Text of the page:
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founding a travel and leisure website, on the board of a number of retailers. following krilt six but ongoing lack of diversity, jack dorsey tweeted more additions to the board soon to bring diversity and represent the strong communities on twitter. we'll have to see whether dorsey snags az big media personality. it's certainly worth asking why new names on the board have taken so long. >> should i be disturbed one tweeted for the first time today? >> this is not the first time there have been questions about how much board members know about twitter. the same thing was set when we got certain other appointments over the past couple of years. but the real question here, what each of these members is going to bring to the board certainly cfo of pepsi, he does have a lot of information. about how advertisers think about the world and advertising is twitter's business. he also runs the financial
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business of a big global company and that's what twitter wants to be. >> if you're on the board of ford, do you have to drive a ford? >> i think it would be mandatory. >> i was just asking. >> thanks, julia. see you later. >> 23 minutes before the closing bell, dow jones industrial average way off the highs, it had been up 150 now lower by 4. >> maybe getting ready for earnings next week. >> policies from the obama administration stopping mergers and on the campaign trail democratic hopefuls decry wall street while gop contenders stand by and say nothing. coming up, we'll discuss whether an anti-bus sentiment is a good political strategy. meanwhile, the quest for stanley cup gets under way in earnest next week and up next we'll be joined by the cup and by nhl commissioner gary bettman. stay tuned. ggins had... ...a tree that bore the most rare and magical fruit.
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it is the busiest sports time of the way, baseball just getting under way and nhl playoffs get under way in earnest. >> one or two games left for
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each team. gary bettman on the floor with us with the cup itself. >> it is one of the most iconic sports trophies anywhere. >> the most iconic. we're about to celebrate the 125th anniversary of the stanley cup. >> this is the cup. >> this is the cup. >> you don't get these -- >> your name is indescribed in it, immortality. >> what are you going to do when you need room? >> you take a band off and put it in the hall of fame and add a new ring there are 13 clubs on each ring and there are five rings that we get to fill up. >> when on the political campaign trail, they all hate wall street and don't want to be soernted with wall street, you bring the cup to wall street. why? >> there are a lot of fans here as we walk the floor here. people want pictures with the cup. the cup is a rock star, everywhere it goes and there are a lot of people that work on new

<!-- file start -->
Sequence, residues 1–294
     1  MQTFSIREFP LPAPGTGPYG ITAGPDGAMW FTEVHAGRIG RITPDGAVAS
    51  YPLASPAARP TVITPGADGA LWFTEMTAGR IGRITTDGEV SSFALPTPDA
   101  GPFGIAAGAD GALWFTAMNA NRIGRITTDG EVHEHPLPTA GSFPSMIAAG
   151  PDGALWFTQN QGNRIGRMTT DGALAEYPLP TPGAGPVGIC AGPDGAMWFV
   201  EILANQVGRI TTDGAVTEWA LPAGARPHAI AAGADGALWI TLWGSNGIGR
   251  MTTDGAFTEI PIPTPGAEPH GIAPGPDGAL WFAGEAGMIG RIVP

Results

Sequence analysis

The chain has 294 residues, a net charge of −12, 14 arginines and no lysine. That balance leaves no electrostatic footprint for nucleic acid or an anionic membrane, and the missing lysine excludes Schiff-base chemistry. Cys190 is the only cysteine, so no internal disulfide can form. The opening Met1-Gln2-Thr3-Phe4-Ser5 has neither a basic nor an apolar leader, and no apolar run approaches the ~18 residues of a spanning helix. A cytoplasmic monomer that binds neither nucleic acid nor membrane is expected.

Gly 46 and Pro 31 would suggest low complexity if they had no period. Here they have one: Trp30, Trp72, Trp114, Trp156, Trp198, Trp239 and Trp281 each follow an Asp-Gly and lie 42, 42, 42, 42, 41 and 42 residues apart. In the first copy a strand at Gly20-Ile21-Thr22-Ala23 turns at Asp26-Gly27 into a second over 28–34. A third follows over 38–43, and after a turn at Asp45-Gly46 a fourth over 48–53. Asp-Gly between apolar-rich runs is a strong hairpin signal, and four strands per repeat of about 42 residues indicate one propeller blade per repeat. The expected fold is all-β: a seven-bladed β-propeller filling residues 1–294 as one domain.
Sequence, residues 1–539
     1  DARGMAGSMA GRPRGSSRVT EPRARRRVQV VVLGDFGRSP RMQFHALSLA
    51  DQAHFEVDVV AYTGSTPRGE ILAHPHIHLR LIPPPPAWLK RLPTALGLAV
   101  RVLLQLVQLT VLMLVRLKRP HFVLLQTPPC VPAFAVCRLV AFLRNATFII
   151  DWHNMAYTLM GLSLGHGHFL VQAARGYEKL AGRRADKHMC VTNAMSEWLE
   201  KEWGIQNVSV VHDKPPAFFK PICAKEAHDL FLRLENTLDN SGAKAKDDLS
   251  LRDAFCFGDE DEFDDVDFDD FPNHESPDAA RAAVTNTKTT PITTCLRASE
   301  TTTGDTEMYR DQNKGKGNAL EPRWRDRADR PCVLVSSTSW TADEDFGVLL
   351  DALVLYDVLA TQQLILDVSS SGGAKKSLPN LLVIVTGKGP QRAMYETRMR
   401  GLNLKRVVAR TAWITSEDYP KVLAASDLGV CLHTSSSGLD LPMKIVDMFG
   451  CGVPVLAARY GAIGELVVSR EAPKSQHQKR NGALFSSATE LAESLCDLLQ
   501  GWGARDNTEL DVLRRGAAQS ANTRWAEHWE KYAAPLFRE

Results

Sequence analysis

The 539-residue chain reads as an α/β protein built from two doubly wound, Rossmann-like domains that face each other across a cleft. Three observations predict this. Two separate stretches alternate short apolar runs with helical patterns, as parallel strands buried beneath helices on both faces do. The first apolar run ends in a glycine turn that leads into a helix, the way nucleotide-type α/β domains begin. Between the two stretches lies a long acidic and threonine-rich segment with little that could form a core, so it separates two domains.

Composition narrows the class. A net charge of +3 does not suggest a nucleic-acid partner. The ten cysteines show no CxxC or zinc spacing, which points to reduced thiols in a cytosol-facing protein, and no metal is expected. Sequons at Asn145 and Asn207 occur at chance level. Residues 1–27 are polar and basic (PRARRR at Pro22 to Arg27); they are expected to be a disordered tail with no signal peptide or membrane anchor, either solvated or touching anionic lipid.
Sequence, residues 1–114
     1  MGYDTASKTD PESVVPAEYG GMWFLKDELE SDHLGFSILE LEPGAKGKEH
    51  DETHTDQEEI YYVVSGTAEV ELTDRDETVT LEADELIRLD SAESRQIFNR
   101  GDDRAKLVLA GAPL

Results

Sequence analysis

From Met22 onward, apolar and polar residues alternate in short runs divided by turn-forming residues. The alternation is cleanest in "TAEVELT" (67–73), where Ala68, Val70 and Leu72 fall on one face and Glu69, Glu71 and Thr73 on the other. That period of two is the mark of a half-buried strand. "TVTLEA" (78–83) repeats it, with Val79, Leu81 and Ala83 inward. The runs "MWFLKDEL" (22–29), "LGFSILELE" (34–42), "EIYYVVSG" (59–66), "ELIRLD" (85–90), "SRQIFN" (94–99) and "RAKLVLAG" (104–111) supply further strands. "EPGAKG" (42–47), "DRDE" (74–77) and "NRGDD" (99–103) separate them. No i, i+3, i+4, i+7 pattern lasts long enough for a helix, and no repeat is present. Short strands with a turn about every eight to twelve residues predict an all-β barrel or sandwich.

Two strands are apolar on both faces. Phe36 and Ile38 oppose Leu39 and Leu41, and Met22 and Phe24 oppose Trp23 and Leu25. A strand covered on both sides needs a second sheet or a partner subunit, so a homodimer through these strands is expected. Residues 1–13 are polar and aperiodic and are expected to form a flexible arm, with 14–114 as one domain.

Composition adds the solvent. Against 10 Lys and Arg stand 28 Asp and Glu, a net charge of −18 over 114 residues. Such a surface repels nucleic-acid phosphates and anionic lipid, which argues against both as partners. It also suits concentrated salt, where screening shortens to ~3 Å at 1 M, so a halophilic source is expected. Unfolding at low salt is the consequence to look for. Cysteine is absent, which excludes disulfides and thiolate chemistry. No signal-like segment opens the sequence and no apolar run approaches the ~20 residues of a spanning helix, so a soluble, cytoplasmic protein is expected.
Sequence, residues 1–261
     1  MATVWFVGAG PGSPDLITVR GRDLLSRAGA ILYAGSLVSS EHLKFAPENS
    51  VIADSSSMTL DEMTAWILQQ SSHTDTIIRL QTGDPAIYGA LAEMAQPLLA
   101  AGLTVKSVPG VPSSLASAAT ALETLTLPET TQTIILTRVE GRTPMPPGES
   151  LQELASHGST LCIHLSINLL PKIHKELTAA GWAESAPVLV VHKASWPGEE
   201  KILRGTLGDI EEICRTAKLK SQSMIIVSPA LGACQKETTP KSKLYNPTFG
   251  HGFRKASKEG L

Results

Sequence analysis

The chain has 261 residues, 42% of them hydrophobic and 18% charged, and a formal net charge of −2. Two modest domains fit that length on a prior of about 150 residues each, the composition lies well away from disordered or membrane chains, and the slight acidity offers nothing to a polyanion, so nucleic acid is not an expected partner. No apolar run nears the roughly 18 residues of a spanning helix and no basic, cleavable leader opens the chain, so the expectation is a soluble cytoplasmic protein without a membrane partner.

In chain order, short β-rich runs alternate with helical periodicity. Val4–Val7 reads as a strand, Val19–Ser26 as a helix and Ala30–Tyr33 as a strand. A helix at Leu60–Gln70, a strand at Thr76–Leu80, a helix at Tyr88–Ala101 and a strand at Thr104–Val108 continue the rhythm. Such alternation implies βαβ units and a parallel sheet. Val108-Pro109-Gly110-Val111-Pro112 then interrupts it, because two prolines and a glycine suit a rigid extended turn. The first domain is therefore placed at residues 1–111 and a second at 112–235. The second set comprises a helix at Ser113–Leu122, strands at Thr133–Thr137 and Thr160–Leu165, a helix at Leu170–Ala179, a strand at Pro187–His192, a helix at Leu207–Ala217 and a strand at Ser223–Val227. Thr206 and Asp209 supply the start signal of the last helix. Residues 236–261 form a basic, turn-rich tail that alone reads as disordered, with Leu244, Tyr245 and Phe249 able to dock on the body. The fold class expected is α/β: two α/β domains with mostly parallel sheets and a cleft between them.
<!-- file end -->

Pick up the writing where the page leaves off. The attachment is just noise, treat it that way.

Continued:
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york stock exchange floor. >> expansion problems, there's talk maybe quebec city and they started this arena -- >> they opened it last week. >> 14,000 people have signed up for season tickets for a team that doesn't even exist. >> we've been in an expansion process, evaluating the two applications we have, one from quebec city and vegas and trying to determine ultimately it's a board of governor's decision whether or not it makes sense to add another team or teams and if so where. >> what are the metrics? does the economy have to be a certain size to support ticket sales et cetera, but give us the framework. >> with any sports franchise at the professional level, starts with ownership, look at the arena and look at the market. you look at economic factors and you also look at whether or not it's something that is going to strengthen the league and enhance the league and league's presence across north america. and those are all the criteria we're looking at the at the